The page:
Characters that were formerly relegated to bit-parts are given more depth, so you learn more about Avalanche members like Biggs, Wedge, and Jessie, among many others. Though supporting characters, each has their own motivations for taking up arms against Shinra. There are poignant and personal moments with them that are delivered through heartfelt lines of dialogue instead of lengthy exposition. It all feels natural, believable, and relatable. Without spoiling anything, Remake also pulls in characters from the extended fiction of Final Fantasy, some of it incredibly obscure like The Kids Are Alright, a spin-off novel. And these new additions fit in naturally. It feels like Square Enix isn’t just remaking Final Fantasy VII–it’s rebuilding the larger Final Fantasy VII universe.
There’s so much texture in these characters, which makes it easy to connect with them. Barret is a loud showboater, with every line he utters having the same kind of energy as a wrestler cutting a promo in a WWE pay-per-view. But beneath that, his intentions are pure; past experiences have solidified his resolve, and just when you’re starting to doubt him, you’ll see a touching fatherly moment with his heart-meltingly cute daughter Marlene and understand completely why he fights so hard. Jessie is flirtatious, throwing herself at Cloud and hitting him with the hot and cold treatment. She’s energetic and vivacious, and you get to learn that there’s more to this persona than initially meets the eye. As the crew’s weapons expert, she struggles with what her creations are doing to the world around her. Wedge is a soft soul, trying to harden to show that the team can rely on him the same way they would Cloud or Tifa–but maybe a soft soul is exactly what they need. Biggs is cool, calm, and collected–the kind attitude that is honed through a life of conflict, but his history is altogether more touching, and mentioned in a fleeting moment that comes in an optional side-quest.
Some odd jobs will have you working alongside key characters such as Tifa and Aerith. For the former, the game elegantly establishes her history with Cloud, with frightening glimpses at their traumatic pasts appearing as intrusive flashes that are the result of some damaged part of Cloud’s psyche. This mechanism is also used to weave in the presence of a certain silver-haired villain in a way that didn’t appear in the original. The rapport between Cloud and Tifa is depicted so well: They are friends who support each other, but there’s also a blossoming romance that builds as Cloud recalls their history and what she means to him.
Aerith, the flower girl whose story unexpectedly intersects with Cloud’s, is beyond an uplifting presence. The banter between her and Cloud is sweet and funny from the moment you meet her and are unceremoniously drafted into being her bodyguard. She figures Cloud as the silent brooding type with a heart of gold immediately, and sets about poking at his ego and tearing down the walls. She’s playful and confident and effortlessly endearing. She always looks for the good in things and, as result, sees the slums for what they mean to people–living under metal plates that block out the sun and amongst cold city steel hasn’t dampened her outlook on life. These feel like real people–they have hopes and dreams, fears and faults, they’re funny and charismatic, and so well-written and acted that you’ll fall for every one. When playing the original, these were all thoughts and feelings I had about the characters that I colored in myself using the outlines the game presented. This time, they’re not allusions; it’s all painstakingly realized, and as much as I loved the characters and stories back then, I’m able to appreciate them in a much more profound way because of how complete it all feels now.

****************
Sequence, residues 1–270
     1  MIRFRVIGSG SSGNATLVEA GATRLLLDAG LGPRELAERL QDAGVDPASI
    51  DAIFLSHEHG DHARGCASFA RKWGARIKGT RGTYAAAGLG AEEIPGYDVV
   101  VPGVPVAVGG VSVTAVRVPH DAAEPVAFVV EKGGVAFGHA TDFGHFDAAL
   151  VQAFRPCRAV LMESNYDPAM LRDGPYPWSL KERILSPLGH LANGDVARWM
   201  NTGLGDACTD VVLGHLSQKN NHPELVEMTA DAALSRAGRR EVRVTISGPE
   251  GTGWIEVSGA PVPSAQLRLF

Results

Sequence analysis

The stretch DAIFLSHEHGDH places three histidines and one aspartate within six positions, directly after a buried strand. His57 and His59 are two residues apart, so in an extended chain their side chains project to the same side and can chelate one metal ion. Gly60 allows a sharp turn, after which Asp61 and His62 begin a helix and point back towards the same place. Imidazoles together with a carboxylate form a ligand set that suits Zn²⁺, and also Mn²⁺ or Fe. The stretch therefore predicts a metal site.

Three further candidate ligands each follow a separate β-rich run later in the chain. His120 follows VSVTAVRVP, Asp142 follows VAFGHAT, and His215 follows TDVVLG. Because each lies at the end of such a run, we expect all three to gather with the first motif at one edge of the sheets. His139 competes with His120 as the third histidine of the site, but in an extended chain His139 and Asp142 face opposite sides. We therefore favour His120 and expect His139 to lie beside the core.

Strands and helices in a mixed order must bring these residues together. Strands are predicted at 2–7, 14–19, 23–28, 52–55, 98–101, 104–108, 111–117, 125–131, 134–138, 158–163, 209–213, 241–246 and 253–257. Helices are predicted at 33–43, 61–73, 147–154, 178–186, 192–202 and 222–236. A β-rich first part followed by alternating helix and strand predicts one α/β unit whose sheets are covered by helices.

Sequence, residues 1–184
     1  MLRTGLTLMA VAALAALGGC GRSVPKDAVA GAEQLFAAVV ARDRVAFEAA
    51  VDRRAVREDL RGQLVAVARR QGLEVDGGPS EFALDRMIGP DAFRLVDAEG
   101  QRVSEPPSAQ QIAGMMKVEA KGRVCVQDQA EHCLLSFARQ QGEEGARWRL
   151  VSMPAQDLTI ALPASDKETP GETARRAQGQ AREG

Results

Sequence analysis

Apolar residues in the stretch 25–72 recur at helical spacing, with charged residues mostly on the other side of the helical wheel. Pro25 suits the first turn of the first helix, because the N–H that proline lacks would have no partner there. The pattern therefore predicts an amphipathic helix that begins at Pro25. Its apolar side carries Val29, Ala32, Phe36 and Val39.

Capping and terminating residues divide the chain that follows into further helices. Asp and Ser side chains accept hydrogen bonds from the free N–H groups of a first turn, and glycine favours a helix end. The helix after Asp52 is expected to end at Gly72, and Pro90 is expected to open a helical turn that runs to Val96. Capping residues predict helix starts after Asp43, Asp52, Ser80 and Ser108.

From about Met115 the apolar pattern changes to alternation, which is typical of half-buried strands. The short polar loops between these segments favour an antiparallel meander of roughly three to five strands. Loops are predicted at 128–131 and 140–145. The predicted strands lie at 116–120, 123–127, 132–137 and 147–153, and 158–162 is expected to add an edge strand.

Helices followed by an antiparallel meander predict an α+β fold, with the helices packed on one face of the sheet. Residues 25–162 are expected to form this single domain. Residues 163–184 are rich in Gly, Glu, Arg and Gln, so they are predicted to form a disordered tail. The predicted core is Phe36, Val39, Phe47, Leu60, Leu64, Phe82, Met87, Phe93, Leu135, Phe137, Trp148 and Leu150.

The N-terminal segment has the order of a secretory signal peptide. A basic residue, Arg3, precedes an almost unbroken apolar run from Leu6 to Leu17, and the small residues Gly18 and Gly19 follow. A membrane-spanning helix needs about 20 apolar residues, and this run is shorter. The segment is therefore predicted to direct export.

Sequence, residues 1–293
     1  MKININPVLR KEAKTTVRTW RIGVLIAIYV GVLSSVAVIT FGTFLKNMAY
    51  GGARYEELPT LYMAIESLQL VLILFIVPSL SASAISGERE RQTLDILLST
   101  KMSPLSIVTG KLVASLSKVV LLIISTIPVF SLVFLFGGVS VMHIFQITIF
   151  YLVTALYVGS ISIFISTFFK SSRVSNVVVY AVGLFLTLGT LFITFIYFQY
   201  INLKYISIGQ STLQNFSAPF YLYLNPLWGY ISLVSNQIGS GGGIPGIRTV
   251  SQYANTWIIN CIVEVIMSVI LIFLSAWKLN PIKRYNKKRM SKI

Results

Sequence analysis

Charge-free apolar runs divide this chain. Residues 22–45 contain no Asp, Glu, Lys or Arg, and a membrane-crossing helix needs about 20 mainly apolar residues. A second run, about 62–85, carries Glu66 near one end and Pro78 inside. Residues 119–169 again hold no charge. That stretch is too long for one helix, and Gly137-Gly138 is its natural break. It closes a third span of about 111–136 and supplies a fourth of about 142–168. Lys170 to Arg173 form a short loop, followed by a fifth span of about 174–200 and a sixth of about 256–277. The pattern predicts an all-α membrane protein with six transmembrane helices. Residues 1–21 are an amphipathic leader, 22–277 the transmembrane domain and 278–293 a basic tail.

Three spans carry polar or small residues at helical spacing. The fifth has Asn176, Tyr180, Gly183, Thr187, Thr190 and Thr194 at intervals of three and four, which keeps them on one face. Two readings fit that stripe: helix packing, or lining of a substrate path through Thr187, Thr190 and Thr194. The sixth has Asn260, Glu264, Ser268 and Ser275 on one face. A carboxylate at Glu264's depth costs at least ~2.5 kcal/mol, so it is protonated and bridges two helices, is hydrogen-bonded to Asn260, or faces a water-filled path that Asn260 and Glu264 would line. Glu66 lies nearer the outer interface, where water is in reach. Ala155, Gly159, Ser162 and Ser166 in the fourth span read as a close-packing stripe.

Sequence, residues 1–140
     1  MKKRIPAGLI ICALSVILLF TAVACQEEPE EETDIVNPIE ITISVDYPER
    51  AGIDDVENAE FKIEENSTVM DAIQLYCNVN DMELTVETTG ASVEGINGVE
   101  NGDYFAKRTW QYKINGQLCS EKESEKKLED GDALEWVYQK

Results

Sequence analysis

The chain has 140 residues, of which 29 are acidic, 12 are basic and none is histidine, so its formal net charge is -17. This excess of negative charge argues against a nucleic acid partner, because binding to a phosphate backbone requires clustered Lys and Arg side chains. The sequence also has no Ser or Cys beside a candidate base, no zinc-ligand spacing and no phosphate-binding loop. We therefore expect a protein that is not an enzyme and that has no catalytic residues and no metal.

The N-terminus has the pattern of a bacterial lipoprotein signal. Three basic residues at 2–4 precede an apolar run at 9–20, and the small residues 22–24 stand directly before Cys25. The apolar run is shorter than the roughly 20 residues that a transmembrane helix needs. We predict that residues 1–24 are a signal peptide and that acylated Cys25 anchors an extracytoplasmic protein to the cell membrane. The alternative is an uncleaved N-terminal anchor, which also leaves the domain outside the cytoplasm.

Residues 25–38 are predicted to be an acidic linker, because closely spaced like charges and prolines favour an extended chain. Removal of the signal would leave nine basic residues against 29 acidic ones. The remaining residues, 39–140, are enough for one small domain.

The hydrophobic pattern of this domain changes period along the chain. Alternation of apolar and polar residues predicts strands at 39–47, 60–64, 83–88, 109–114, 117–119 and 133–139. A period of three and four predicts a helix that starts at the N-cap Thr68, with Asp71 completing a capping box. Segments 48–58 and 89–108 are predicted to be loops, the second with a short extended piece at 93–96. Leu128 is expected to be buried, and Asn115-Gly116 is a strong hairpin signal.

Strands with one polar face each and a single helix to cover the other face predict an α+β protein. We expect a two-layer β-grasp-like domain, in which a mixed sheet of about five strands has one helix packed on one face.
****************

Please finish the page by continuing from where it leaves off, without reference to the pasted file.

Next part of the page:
There’s so much to marvel at; standing on a plate suspended above Midgar and staring out across the city; hearing each piano note of Tifa’s theme played so softly that you can almost picture the fingers gently moving across the keys; walking across the church rooftops with Aerith as an odd calm falls over the city–it’s all brought to life with such respect and attention to detail that it’s hard not to be overwhelmed and give in to the nostalgia. Then there’s the whole Don Corneo plan being hatched and paying off in a way that doesn’t feel exclusionary or mocking, but inclusive, fun, and wholly unexpected. The remake doesn’t shy away from embracing the goofier elements of the original, instead using it to bring levity to what is otherwise heavy subject matter. Even as the game reaches its conclusion and embraces the more outlandish and fantastical parts of the narrative, it does so in a way that feels earned. Again, this might be just a small chunk of the original release, but as a standalone game Final Fantasy VII Remake is complete. Although a greater villain lingers in the periphery of the story, and cryptic references to something more in Cloud’s past–as well as other unexplained elements–are introduced in the concluding chapters, this doesn’t diminish the story that is told. Final Fantasy VII Remake can be enjoyed on the merits of what it presents, and for those in the know, it also lays the foundation for future revelations in an intriguing way.
Regardless of your history with the original game, Final Fantasy VII Remake is an astounding achievement. The wait for its release was a long one, but in gameplay, story, characters, and music, it delivers–the wait was worth it. For first-time players, it’s an opportunity to understand why Final Fantasy VII is held in such high regard. It’s the chance to experience a multifaceted story that grapples with complex subject matter, be in the company of memorable characters, and be moved by their plight. For returning fans, this isn’t the Final Fantasy VII your mind remembers, it’s the one your heart always knew it to be.